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The Largest, Smallest, Highest, Lowest, Longest, and Shortest: Extremes in Ecology

Steven D. Gaines and Mark W. Denny
Ecology
Vol. 74, No. 6 (Sep., 1993), pp. 1677-1692
DOI: 10.2307/1939926
Stable URL: http://www.jstor.org/stable/1939926
Page Count: 16
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The Largest, Smallest, Highest, Lowest, Longest, and Shortest: Extremes in Ecology
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Abstract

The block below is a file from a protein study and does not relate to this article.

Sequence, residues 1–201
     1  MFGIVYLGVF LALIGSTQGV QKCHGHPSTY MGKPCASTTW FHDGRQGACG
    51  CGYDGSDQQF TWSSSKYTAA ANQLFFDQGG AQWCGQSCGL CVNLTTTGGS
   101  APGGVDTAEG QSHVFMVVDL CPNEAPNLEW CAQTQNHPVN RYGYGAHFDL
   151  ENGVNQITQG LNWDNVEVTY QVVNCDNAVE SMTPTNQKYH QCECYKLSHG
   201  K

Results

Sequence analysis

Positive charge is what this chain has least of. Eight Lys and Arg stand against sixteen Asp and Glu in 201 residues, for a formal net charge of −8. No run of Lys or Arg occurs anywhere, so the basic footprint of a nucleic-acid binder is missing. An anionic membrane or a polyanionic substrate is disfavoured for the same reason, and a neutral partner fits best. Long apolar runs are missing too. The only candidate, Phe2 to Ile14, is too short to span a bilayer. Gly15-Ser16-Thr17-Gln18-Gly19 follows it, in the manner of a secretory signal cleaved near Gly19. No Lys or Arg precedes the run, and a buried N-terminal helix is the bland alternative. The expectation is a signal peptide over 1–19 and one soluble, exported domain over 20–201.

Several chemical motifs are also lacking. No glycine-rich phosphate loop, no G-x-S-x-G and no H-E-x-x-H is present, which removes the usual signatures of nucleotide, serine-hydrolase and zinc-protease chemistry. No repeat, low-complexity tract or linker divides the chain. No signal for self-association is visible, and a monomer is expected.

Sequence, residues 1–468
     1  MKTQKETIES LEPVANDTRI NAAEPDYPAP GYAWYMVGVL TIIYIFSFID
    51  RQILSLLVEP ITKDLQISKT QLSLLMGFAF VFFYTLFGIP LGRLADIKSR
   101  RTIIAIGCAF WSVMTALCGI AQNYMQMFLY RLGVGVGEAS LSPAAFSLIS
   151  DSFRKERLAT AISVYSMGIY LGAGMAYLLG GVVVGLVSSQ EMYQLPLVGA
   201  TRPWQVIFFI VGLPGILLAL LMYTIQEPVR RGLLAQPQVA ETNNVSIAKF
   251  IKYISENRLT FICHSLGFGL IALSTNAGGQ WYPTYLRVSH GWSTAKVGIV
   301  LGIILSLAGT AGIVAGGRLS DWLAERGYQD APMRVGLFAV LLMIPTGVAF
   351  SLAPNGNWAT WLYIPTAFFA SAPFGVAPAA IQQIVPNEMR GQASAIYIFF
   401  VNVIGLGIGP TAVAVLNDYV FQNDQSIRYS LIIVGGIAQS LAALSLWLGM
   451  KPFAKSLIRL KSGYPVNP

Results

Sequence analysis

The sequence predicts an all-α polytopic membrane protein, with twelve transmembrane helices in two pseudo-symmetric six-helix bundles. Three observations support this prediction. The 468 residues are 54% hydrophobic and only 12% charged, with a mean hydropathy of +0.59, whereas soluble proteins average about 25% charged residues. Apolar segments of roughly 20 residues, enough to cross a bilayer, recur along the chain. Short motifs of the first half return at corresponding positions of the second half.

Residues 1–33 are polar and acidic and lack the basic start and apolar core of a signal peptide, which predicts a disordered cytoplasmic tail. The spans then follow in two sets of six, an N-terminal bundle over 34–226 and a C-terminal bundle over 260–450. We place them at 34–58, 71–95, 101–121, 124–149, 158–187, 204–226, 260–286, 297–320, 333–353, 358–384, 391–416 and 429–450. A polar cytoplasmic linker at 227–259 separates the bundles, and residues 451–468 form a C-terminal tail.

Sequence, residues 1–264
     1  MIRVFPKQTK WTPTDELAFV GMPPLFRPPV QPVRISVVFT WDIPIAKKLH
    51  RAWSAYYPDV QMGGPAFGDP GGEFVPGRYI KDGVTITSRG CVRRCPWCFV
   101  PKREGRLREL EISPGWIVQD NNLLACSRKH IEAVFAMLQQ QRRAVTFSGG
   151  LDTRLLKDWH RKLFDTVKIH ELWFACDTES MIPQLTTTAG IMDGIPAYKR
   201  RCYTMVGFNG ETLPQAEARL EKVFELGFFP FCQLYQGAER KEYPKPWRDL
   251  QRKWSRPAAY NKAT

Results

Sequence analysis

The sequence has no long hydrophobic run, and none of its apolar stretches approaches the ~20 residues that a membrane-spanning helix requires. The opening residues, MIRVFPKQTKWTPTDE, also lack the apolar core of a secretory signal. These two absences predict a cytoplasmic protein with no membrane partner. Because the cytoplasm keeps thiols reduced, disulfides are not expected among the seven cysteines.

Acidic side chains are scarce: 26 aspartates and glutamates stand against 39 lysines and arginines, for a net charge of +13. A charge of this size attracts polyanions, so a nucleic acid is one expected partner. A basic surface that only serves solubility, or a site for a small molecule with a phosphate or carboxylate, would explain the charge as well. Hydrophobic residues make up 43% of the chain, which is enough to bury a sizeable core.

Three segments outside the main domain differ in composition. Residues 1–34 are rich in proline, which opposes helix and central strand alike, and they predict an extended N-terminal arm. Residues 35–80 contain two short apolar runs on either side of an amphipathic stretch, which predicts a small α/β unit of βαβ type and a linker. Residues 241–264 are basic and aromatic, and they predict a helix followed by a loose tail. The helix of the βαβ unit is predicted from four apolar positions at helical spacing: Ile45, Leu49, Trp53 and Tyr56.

Biostatistics channels ecologists into thinking primarily about the mean and variance of a probability distribution. But many problems of biological interest concern the extremes in a variable (e.g., highest temperature, largest force, longest drought, maximum lifespan) rather than its central tendency. Such extremes are not adequately addressed by standard biostatistics. In these cases an alternative approach--the statistics of extremes--can be of value. In the limit of a large number of measurements, the probability structure of extreme values conforms to a generalized distribution described by three parameters. In practice these parameters are estimated using maximum likelihood techniques. Using this estimate of the probability distribution of extreme values, one can predict the expected time between the imposition of extremes of a given magnitude (a return time) and can place confidence limits on this prediction. Using data regarding sea-surface temperature, wave-induced hydrodynamic forces, wind speeds, and human life-spans we show that accurate long-term predictions can at times be made from a surprisingly small number of measurements if appropriate care is taken in the application of the statistics. For example, accurate long-term prediction of sea-surface temperatures can be derived from short-term data that are anomalous in that they contain the effects of an extreme EL Nino. In the cases of wave-induced forces and wind speeds, the probability distribution of extreme values is similar among years and diverse sites, indicating the possible existence of unifying principles governing these phenomena. Limitations and possible misuse of the method are discussed.

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